The term traumatic brain injury (TBI) refers to an injury to the brain caused not by degenerative or congenital causes but by an external physical force that may result in a diminished or altered state of consciousness. There is more area of the brain dedicated to vision than to all the other senses combined. Therefore, trauma to our brain could result in vision disorders. These visual disorders can affect your ability to perform basic daily activities such as reading and driving on busy roads. Consult with our neuro-optometrist, Dr. Garbus, FAAO, who has experience treating brain injury patients. If you would like to schedule a neuro-optometric vision assessment, please call us at (661) 775-1860.

Dr. Carl Garbus, FAAO has served patients in Santa Clarita since 1980. The practice is a full scope medical and specialty eye care clinic that emphasizes care for children and adults with vision deficits from traumatic brain injury, stroke and developmental and learning problems. The practice has the latest technology to provide advanced medical eye care services including low vision, specialty contact lenses, myopia management, ocular disease, dry eye and routine eye care/optical.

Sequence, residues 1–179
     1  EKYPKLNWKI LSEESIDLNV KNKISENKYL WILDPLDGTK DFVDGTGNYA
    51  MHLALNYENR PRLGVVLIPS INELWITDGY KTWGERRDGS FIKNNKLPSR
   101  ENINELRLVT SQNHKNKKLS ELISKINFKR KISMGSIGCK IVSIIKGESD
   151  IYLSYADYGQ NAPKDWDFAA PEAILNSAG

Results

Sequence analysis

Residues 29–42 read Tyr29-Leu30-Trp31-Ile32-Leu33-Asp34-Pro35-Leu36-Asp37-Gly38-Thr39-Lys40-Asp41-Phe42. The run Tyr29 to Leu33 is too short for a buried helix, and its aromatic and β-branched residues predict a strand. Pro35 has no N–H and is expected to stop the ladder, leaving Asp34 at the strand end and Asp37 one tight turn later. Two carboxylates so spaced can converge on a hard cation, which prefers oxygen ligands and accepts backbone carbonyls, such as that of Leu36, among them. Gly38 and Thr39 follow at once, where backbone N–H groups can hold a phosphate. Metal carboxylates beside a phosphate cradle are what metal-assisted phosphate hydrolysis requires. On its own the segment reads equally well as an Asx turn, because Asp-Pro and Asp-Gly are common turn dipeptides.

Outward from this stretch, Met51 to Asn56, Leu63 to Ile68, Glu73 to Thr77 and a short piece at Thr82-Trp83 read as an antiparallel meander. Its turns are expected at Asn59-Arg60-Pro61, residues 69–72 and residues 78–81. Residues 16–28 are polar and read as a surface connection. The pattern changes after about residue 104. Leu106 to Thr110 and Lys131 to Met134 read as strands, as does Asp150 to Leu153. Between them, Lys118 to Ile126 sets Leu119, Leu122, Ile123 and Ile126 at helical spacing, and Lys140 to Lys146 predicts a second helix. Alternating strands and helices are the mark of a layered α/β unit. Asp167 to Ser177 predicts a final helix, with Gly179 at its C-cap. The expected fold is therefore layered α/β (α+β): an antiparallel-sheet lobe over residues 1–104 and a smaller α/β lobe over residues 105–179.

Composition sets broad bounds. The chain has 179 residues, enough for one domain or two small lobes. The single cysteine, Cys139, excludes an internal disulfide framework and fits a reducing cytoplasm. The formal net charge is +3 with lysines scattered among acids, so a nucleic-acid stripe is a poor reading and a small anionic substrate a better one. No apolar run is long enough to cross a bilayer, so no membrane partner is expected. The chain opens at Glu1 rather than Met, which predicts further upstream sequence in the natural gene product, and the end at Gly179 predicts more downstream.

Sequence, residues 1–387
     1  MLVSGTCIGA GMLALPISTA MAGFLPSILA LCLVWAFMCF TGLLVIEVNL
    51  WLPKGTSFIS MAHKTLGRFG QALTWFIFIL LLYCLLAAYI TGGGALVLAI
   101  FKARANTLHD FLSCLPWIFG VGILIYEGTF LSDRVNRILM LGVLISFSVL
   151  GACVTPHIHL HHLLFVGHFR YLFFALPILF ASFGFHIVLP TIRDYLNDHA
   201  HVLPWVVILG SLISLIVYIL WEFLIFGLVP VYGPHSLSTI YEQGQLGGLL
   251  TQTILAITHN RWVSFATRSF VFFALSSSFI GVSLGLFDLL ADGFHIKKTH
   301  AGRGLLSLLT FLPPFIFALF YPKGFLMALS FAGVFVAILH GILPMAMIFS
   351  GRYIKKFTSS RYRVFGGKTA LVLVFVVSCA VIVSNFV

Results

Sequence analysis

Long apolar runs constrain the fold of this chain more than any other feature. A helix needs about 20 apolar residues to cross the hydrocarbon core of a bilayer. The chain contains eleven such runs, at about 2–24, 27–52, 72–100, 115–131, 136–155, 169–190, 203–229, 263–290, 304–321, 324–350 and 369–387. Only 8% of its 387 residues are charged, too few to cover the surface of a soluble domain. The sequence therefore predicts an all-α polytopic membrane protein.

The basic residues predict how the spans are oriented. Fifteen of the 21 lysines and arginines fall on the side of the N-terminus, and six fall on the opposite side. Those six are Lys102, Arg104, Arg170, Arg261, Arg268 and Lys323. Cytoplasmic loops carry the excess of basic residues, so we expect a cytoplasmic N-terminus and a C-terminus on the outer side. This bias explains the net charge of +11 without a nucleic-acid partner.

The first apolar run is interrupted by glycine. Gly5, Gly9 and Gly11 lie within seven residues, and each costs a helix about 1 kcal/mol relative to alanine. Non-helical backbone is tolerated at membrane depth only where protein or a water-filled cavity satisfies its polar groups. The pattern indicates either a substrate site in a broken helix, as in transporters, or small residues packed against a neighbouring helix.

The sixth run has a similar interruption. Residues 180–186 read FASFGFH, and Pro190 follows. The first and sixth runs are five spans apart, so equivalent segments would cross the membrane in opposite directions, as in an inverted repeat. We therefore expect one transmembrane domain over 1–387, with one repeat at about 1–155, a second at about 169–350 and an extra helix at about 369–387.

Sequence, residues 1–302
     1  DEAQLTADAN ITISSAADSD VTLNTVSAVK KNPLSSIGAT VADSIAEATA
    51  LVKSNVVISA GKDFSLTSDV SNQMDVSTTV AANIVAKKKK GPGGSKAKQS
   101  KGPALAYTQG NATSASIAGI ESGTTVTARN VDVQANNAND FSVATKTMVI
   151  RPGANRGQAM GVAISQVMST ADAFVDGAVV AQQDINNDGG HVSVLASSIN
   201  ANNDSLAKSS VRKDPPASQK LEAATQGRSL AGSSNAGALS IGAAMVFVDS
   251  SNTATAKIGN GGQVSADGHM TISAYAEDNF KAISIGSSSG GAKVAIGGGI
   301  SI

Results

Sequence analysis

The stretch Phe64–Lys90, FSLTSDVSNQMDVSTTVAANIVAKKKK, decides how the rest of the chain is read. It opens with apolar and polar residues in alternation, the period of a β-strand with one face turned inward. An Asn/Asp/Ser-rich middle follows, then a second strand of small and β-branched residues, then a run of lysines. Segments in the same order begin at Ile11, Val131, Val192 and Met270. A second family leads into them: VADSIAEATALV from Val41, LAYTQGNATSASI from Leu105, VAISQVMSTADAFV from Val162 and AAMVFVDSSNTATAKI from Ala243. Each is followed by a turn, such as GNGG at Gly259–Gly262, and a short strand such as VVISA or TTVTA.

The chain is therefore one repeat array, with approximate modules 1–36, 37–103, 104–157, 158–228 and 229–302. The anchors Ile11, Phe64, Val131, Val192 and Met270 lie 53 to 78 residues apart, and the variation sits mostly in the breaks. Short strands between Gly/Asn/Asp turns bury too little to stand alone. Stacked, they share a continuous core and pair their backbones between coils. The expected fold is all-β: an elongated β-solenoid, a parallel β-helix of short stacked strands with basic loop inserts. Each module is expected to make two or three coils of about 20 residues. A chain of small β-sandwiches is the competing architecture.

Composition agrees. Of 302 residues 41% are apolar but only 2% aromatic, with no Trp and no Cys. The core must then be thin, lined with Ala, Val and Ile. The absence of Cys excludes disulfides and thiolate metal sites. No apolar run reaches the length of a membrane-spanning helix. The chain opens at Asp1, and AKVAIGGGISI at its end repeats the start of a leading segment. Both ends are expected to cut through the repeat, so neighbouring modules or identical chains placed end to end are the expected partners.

Dr. Carl Garbus, FAAO has a passion for working with the expanded care team and does extensive work with the leading rehabilitation hospitals around the greater Los Angeles area. He has made various presentations and in-services to optometric societies, occupational therapy groups, and PTA groups regarding vision problems. Another area of interest is working with children who have learning problems. Autism is on the rise and these children have many vision issues that need to be addressed. Dr. Carl Garbus, FAAO serves as the vice president on the board for the Neuro Optometric Rehabilitation Association (NORA) and was the president of the organization in 2010.